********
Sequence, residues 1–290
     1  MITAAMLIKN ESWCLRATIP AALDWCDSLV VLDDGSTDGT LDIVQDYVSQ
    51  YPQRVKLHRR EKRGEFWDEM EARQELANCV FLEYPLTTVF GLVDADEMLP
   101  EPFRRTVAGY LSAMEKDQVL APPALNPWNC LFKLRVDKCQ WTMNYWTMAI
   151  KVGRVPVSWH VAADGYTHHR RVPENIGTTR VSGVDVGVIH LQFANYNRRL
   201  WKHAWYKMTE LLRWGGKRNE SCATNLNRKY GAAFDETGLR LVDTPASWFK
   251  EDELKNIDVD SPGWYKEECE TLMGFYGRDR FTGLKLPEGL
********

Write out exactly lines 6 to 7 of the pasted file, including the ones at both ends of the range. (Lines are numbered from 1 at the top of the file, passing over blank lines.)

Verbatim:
   201  WKHAWYKMTE LLRWGGKRNE SCATNLNRKY GAAFDETGLR LVDTPASWFK
   251  EDELKNIDVD SPGWYKEECE TLMGFYGRDR FTGLKLPEGL